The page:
Goal Reflection - Fall Semester 2019
At the beginning of this program, I had three goals for myself: to make unforgettable friendships and memories, to improve my Hebrew, and to forge a personal connection with Israel and the Jewish people. Balancing my homework and my friends was difficult throughout the semester. Despite the challenge of needing to do schoolwork in my dorm room and not in the common spaces with other people, I made amazing friends that I am not going to forget. I made so many memories with this group of people - happy, sad, funny, moving, and life-changing experiences. I am never going to forget Muss and therefore, I will never forget my friends.
Over my four months in Israel, my Hebrew really improved. Spending a few hours in an immersion Hebrew class every week helped tremendously and I had more opportunities to practice speaking whenever I went into Hod HaSharon or other stores and restaurants. Even though I am not fully fluent, I now feel comfortable having a conversation in Hebrew, with people I know and with strangers. Now my goal is to maintain my Hebrew while I am at home in the US. I won’t have a Hebrew class or need to speak Hebrew to get around. I know that there are a number of Israelis in my Shul community, including two Shinshinim (Israeli post highschool teenagers on a gap year before the army volunteering at my Synagogue) who I can talk to in Hebrew. I will need to make a stronger effort to continue improving my Hebrew.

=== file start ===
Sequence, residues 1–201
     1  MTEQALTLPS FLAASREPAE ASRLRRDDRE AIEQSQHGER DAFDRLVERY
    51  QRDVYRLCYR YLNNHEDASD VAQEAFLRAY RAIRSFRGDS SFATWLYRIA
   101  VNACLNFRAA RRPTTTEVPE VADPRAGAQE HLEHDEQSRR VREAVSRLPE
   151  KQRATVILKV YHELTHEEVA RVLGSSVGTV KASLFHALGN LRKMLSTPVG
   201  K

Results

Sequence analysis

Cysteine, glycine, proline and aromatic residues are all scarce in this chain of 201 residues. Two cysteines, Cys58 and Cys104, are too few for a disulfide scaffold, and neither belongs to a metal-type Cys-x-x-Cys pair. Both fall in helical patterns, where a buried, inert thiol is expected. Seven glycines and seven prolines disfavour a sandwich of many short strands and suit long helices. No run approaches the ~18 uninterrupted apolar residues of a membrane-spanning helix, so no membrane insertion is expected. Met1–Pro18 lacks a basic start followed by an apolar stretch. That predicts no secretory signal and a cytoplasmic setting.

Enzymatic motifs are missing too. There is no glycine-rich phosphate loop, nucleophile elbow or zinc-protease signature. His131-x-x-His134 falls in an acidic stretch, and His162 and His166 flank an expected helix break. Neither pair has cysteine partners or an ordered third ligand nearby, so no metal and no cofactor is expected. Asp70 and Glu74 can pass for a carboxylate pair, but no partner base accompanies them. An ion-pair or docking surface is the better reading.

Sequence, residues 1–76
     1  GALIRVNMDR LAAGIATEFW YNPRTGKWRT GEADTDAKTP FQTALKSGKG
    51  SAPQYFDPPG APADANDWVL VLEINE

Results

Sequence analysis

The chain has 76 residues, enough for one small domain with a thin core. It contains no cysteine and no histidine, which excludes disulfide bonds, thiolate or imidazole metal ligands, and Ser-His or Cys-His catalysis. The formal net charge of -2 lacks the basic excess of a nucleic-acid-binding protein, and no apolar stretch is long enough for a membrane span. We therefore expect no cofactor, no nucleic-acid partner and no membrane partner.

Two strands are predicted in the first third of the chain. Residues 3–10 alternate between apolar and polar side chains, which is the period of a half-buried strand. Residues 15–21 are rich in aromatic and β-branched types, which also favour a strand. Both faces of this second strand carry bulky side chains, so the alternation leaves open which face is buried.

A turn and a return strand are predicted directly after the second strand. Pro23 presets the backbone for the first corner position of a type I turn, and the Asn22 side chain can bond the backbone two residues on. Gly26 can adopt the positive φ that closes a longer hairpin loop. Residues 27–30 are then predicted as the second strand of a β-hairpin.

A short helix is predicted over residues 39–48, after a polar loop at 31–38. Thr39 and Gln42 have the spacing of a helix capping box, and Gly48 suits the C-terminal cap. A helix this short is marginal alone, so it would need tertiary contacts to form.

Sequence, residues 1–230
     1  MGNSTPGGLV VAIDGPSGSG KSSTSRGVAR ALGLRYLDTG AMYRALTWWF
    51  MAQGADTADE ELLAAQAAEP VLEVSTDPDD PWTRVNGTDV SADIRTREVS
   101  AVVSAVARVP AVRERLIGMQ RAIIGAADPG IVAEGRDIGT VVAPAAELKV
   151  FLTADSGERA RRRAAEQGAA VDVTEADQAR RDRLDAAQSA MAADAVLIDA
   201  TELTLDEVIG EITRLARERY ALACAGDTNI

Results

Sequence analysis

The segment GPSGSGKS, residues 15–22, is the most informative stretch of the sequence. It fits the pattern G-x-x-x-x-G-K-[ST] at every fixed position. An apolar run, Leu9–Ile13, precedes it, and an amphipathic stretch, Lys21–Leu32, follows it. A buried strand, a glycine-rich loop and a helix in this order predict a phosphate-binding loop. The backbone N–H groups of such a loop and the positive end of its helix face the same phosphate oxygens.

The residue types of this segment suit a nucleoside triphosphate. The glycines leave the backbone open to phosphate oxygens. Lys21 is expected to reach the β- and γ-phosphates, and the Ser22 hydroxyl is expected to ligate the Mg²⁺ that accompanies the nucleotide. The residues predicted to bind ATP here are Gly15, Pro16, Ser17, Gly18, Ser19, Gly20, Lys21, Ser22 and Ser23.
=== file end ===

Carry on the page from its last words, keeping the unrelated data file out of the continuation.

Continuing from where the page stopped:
My third goal was to personally connect with Israel and the Jewish people during my time on Muss. I was raised to know that as Jew I am connected to other Jewish people and to the Land of Israel, but it has always been in the abstract. Having had the opportunity to actually go to Israel and travel all around the country learning the significance of every site to our people gave me the opportunity to form my own connection - bringing this abstract concept into my reality through my own experiences. I had also learned bits of Jewish history before, but to have it laid out in chronological order and see the recurring themes and events gave me a far greater understanding of my history and what it means for today. Right now I feel incredibly in tune with my Jewish identity. As I am preparing to back to normal life and school in Seattle I am honestly sad to return to the “real world” where Jewish identity is something that is only inside and not something that I am surrounded by. My challenge for returning home is to not let what I learned and discovered on Muss diminish - to bring my new viewpoints into my life and not allow my Jewish identity to dull just because it is more difficult to be Jewish.